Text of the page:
Good Advice

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Avoiding Allergies

By Theresa Albert, DHNtk-recipe

Every parent wants to give their children the best start in life and, let’s face it, allergies are awful. The good news is that both the medical and complementary medicine communities are coming together to help us understand allergies and avoid some potential problems down the road.

Good bacteria
Allergies start before birth in the most unexpected of places: the birth canal. A baby picks up much of its mom’s immunity on its way from the inside world to the outside. It is now thought that kids born
by Caesarean section may have more allergies than those born naturally. Taking probiotics (yogurts and supplements) during pregnancy will help to build up levels of good bacteria, while eating fermented foods such as kimchi, sauerkraut and miso soup will help to keep the bacteria alive.

What if?
A child’s immune system can also be encouraged to reduce the allergy risk after birth. Breastfeeding is best for building immunity, and the same foods you ate during pregnancy can help you both now.

When to feed solids
Each child is different in his or her readiness to eat solids, as it takes a fully developed tongue and mouth to be able to safely taste and swallow. Please don’t listen to the myth that solids will help a baby sleep through the night. Gut enzymes need to be ready to digest each macro nutrient: Fats, carbohydrates and proteins. If they’re not then you’ll just get a gassy baby, which actually diminishes the child’s good bacteria.

When your child is ready, introduce one food at a time and look out for reactions over three to five days. Each baby will react differently. Watch for rashes on the skin or around the mouth, swollen or red eyes, diaper rash or diarrhea. Give each food three to five days to show its effect and then proceed with the next one. Later, come back to that first food and try it again to confirm your test. You are the parent scientist and your baby is his or her own test tube.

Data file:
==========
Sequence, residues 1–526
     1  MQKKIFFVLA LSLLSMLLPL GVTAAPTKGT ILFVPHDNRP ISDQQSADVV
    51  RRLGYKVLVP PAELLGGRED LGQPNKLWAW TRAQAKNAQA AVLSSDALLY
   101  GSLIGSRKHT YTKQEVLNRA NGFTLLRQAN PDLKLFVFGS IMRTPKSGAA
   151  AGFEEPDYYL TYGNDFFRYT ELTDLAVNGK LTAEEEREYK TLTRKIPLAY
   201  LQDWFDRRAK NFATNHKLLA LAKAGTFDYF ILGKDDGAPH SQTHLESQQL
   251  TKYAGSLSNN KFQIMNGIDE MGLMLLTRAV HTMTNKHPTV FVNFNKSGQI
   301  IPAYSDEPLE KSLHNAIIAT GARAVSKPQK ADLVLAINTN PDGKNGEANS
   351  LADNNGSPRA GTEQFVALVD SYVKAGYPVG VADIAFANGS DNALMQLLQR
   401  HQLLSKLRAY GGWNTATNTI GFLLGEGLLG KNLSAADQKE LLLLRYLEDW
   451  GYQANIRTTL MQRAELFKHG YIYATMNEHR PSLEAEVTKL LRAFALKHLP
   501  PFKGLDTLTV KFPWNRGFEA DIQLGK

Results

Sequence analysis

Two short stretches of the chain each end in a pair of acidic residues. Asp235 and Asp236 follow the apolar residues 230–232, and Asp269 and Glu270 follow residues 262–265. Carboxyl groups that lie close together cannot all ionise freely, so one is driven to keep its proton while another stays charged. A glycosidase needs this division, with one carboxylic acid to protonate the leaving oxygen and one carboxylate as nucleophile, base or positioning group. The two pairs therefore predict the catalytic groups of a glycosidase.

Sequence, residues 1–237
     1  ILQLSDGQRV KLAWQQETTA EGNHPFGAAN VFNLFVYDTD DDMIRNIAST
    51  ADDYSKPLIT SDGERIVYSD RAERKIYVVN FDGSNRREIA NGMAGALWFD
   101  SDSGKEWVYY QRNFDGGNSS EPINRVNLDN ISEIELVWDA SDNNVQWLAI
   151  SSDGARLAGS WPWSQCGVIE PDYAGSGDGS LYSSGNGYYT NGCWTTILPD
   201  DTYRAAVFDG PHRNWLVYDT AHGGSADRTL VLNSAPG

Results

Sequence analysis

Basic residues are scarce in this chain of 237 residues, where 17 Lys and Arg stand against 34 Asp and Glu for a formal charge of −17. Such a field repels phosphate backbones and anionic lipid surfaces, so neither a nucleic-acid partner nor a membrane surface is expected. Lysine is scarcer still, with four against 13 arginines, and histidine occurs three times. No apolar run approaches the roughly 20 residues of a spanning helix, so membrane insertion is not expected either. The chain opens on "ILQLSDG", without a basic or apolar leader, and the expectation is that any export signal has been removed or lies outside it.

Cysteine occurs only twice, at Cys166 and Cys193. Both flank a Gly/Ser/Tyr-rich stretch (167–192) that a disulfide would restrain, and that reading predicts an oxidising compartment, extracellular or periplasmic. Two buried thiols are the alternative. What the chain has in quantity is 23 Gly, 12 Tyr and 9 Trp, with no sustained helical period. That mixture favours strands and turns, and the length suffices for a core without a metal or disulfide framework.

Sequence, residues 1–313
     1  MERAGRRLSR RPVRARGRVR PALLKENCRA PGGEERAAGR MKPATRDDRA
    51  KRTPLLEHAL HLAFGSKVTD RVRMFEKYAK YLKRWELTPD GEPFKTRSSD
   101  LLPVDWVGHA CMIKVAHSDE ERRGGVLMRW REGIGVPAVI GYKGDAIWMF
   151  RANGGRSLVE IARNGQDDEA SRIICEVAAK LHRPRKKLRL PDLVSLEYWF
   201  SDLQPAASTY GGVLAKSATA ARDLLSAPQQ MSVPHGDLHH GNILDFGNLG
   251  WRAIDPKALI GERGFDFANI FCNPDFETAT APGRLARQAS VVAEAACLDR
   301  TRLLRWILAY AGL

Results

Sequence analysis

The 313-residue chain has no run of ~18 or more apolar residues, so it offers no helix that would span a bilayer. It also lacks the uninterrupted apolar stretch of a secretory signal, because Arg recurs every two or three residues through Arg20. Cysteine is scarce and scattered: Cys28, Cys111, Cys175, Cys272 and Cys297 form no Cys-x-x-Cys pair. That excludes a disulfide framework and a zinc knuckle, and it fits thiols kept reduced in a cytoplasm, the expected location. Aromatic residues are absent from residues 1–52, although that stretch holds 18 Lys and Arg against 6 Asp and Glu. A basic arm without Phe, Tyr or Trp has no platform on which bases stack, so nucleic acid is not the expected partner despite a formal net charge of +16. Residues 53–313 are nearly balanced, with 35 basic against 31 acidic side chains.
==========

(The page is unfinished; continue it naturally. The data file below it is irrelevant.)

Nuts and eggs?
It is now recommended that kids eat eggs as one of their first foods! It turns out that previous avoidance advice was way off-base. Waiting longer can actually increase the risk of allergy. Eggs and nut butters are protein-rich, full of good fats that help to build the brain, are affordable, and are easy to prepare in a variety of ways. Of course, you will want to fully cook eggs to safe temperatures to kill all pathogens. But fear not about the allergen risk: you won’t create allergies.

Any-Nut Cookie Recipe

Try these nutrient-dense super-cookies once your baby has shown no signs of egg, nut or wheat allergies. Kids from a year up will love them and they take minutes to bake.

Note: Add the flour gradually—the amount required will depend upon the nut and the grind. Makes: 36  Takes: 15 minutes
2 cups natural nut or seed butter
1/4 cup molasses
1/4 cup honey
1 large egg
3–6 tablespoons whole wheat flour, divided

Preheat the oven to 400°F. Using a mixer or wooden spoon, blend the nut or seed butter, molasses and honey together, and add the egg. Sprinkle in the flour one tablespoon at a time until the mixture is firm and you can form small balls.Then, take about a tablespoon and roll it into a ball. Place on a baking sheet and press with a fork. Bake for 8 to 10 minutes until puffy but soft. They harden as they cool and will not brown.

Theresa Albert is a corporate food communications consultant, motivational speaker and private personal nutritionist. She regularly appears on CBC’s Steven and Chris for lifestyle and health food reports.

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